Guest Blog: Why a gap year could be good for you too
With a new year around the corner and resolutions to be made, E2E Guest Blogger Amma Brown speaks on why taking a gap year between college and university can be a great thing.
When you’re in school, it feels like it’s the only thing that matters. There could be other parts of your life that are important; family problems, money issues, new-found body hair! But to be honest, nothing feels quite as huge as school. I’m not talking about grades and the reports; I’m talking about the drama: who’s going out with who, where are we meeting up tonight, what did he just say about her, how’s your side ponytail looking, you know, the serious issues.
In addition to all of that, there’s the “queen bees” and the alpha males that dominate the way almost everyone at my school behaved. Looking back, my days at school were filled with everything from boy bands to driving lessons and back then it all felt so significant. School life was at the center of my teenage world.
I finished school with a rejection from every university I had applied to, but one. Some bad uni in the middle of nowhere, that I wasn’t willing to get £30,000 in debt and 3 years older for. So school was over and for the first time in my life I had to figure out what to do all by myself. Most kids from my school fell into one of 3 groups:
a) Got amazing results, going to a great university.
b) Got bad results, not going to any university, didn’t need it anyways as they were going to be rap stars.
Not finding myself in any of these groups I decided to do something no one else in my school was going to do. I decided to take a gap year.
I thought it’d be easy and predictable: go into the world of work full-time, earn a bit of money, and apply to university the following year. However what I didn’t see coming was the fact that the 12 months that followed after I had finished school turned out to be the most important 12 months of my life to date. I had no mighty epiphany nor any pivotal life changing moment, I simply grew up.
Being outside of the bubble of side ponytails, pencil cases and push-up bras made me put a lot of things into perspective. No longer was I assessed by the yardsticks that these “queen bees” had put up, and I became free to be my own person. Something I could never have realised when I was at school. I spent my days in the midst of twenty, thirty and forty-somethings who cared about whether I was a reliable person, not a big busted one. They valued whether I was a good friend, not a cool one, and whether I actually took myself seriously, not whether I ‘rated’ myself.
Although it was difficult to make decisions about the kind of person I wanted to be, I stepped up to the plate and I really surprised myself. I surprised myself at what I could actually do without being forced by a teacher to do it, and what I could stand up for without a gaggle of girls backing me up. And it brought me real happiness. The biggest relief I felt was knowing that I had it in me to be my own person an it’s that independence that we can so easily lose at school; the ability to see and hear with our own eyes and ears.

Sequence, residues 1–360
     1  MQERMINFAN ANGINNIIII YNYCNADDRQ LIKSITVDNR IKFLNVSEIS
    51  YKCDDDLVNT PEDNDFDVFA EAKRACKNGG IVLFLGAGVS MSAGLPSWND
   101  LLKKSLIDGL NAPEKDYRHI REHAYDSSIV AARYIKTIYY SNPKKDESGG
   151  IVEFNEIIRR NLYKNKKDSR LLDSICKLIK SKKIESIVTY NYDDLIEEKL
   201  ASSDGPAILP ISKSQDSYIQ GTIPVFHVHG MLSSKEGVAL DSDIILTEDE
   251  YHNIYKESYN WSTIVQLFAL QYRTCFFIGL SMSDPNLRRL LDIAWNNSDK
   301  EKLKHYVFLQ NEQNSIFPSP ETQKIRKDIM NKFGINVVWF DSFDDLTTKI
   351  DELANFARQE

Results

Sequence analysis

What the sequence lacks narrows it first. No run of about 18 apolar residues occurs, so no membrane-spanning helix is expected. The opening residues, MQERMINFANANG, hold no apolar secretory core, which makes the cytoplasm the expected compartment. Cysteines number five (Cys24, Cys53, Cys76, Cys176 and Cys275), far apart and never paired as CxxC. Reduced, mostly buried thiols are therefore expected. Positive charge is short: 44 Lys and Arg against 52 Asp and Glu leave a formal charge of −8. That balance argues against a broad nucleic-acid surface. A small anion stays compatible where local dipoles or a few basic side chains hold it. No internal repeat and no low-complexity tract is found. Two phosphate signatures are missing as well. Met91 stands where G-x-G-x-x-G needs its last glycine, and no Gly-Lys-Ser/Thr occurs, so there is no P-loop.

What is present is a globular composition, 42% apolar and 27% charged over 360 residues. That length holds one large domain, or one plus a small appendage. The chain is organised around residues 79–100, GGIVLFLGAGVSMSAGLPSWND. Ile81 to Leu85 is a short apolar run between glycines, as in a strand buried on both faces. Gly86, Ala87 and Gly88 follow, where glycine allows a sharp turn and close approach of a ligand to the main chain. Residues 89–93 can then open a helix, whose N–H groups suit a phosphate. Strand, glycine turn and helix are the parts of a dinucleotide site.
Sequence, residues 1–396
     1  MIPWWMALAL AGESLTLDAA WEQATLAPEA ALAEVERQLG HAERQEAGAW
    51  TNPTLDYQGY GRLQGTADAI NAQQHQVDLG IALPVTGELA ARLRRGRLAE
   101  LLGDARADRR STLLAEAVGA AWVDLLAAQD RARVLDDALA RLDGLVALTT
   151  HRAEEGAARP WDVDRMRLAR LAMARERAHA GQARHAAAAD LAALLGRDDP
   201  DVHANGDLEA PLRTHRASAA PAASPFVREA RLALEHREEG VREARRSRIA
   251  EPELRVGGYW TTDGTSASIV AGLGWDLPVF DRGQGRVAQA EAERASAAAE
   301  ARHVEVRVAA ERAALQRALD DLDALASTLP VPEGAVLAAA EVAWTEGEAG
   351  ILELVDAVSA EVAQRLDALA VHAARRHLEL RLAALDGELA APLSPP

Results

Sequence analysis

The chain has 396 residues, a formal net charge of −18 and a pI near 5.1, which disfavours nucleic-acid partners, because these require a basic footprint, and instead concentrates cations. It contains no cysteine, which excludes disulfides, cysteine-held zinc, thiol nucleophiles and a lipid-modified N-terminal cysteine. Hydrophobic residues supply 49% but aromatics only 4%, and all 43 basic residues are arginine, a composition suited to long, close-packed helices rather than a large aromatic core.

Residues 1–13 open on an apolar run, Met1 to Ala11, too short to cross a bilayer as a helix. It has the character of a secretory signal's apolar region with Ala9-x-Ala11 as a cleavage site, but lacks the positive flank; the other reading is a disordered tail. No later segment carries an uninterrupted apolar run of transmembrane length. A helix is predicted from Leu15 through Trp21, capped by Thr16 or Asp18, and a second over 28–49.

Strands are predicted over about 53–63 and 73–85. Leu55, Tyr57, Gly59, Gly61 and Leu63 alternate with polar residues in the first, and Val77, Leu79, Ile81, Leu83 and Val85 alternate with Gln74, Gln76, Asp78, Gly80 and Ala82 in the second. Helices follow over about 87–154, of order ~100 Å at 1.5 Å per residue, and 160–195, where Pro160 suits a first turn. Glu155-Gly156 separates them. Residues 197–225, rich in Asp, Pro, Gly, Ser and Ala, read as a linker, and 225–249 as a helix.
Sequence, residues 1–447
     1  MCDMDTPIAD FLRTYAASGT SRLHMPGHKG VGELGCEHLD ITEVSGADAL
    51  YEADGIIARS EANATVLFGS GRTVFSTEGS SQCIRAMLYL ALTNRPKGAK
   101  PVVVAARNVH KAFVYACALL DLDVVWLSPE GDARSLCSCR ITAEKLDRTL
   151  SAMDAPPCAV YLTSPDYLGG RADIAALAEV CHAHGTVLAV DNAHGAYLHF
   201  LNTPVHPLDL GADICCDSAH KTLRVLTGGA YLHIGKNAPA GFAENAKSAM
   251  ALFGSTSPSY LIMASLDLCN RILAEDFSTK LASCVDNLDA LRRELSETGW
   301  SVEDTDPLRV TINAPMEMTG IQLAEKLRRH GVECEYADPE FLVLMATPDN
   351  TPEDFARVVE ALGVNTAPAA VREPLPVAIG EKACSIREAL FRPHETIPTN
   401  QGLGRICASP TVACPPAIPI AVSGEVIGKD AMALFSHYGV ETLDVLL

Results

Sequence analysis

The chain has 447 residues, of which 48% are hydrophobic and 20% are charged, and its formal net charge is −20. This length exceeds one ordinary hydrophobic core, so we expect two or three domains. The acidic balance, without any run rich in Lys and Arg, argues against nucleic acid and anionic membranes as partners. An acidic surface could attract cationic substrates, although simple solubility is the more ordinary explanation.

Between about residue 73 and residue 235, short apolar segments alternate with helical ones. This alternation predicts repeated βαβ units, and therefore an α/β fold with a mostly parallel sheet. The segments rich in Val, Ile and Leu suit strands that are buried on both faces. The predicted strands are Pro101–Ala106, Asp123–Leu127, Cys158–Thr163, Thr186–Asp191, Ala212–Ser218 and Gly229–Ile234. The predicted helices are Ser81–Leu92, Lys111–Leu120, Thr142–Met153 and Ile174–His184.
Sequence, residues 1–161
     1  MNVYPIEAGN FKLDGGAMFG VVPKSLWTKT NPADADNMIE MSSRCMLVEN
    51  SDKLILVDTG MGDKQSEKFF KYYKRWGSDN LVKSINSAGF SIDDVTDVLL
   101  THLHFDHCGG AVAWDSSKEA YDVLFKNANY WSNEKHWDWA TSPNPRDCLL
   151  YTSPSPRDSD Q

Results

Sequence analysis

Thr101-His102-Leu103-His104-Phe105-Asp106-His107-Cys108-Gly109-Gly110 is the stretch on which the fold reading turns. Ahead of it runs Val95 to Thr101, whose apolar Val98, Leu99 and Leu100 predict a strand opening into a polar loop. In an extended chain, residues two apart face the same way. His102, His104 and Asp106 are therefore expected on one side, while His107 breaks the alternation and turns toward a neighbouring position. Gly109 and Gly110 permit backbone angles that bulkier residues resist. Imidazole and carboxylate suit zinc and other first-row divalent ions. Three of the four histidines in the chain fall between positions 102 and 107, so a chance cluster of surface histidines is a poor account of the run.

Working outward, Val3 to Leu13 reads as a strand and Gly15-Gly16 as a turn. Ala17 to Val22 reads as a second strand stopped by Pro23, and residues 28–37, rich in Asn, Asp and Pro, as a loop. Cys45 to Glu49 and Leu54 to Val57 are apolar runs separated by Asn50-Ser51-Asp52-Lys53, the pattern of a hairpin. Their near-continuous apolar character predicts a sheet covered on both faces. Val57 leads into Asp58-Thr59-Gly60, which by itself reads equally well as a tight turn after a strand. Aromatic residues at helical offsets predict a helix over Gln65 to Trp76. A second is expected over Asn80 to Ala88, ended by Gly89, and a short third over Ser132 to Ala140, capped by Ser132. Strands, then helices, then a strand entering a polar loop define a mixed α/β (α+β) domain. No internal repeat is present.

Teenage years aren’t exactly a walk in the park for anyone. They’re are full of growing pains; pains that cause insecurities and anxieties about the kind of child we were and kind of adult we will be, and we take comfort in following the status quo at school instead of asking ourselves questions we might not be ready to answer just yet. Taking a gap year forced me to answer those questions. I couldn’t roll over and take a sick day when I don’t want to get up, I couldn’t lie or cheat or say I left my homework at home. If I didn’t take account for my actions, there were enough people behind me ready to take my place. It’s amazing what earning minimum wage day-in day-out can do for you.
Looking back on my school years the people I admire most aren’t the hot girls or the athletic guys. It was the ones that discovered who they were and stayed true to it even when it was so far beyond what everybody else was doing. Funny thing about leaving school is that you realise that these laws of right and wrong that you so religiously abided by weren’t even real. In fact it was never about whether you were right or wrong, it was simply about doing what made you happy, and it was the ones that got cast from cliques and missed off the party invitations out that knew that.
If I hadn’t taken a gap year and got myself out of those cliquey environments, I wouldn’t have discovered this and I dread to think about the person I would be now. We idolise the “queen bees”, act in uniformity and condense school into our very own mini universe; a place we one day have to leave.
Growing up I longed to have the same strength to not care about whether my actions pleased the crowd and a year out gave me that strength. Wherever you go there’s a strong chance that your new world will look a lot like school. There’ll probably be some “queen bees”, some royalty, some geeks and some “allstars”; it’s hard to escape. However, what you can escape is your perspective on it all. Whether confined to a university campus or to the fluorescent lights of offices, for me the pressure to wear the perfect side-ponytail has long disappeared.